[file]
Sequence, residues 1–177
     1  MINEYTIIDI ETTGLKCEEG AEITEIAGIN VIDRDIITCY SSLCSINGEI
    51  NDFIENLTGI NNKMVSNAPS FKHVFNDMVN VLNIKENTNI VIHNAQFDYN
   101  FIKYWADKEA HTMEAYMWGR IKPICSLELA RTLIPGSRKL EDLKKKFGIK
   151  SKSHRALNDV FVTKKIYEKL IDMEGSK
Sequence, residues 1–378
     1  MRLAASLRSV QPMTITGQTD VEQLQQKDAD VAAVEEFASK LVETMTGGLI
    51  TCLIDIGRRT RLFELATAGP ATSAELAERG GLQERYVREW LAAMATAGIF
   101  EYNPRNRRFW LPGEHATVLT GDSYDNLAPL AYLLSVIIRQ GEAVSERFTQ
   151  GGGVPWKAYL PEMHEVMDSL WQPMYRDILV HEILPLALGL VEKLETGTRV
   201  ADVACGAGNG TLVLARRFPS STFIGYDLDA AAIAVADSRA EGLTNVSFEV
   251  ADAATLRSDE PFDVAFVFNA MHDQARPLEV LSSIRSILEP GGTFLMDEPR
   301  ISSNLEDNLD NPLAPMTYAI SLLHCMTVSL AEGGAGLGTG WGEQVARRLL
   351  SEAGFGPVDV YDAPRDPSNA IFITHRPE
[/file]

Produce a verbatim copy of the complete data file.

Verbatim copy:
Sequence, residues 1–177
     1  MINEYTIIDI ETTGLKCEEG AEITEIAGIN VIDRDIITCY SSLCSINGEI
    51  NDFIENLTGI NNKMVSNAPS FKHVFNDMVN VLNIKENTNI VIHNAQFDYN
   101  FIKYWADKEA HTMEAYMWGR IKPICSLELA RTLIPGSRKL EDLKKKFGIK
   151  SKSHRALNDV FVTKKIYEKL IDMEGSK
Sequence, residues 1–378
     1  MRLAASLRSV QPMTITGQTD VEQLQQKDAD VAAVEEFASK LVETMTGGLI
    51  TCLIDIGRRT RLFELATAGP ATSAELAERG GLQERYVREW LAAMATAGIF
   101  EYNPRNRRFW LPGEHATVLT GDSYDNLAPL AYLLSVIIRQ GEAVSERFTQ
   151  GGGVPWKAYL PEMHEVMDSL WQPMYRDILV HEILPLALGL VEKLETGTRV
   201  ADVACGAGNG TLVLARRFPS STFIGYDLDA AAIAVADSRA EGLTNVSFEV
   251  ADAATLRSDE PFDVAFVFNA MHDQARPLEV LSSIRSILEP GGTFLMDEPR
   301  ISSNLEDNLD NPLAPMTYAI SLLHCMTVSL AEGGAGLGTG WGEQVARRLL
   351  SEAGFGPVDV YDAPRDPSNA IFITHRPE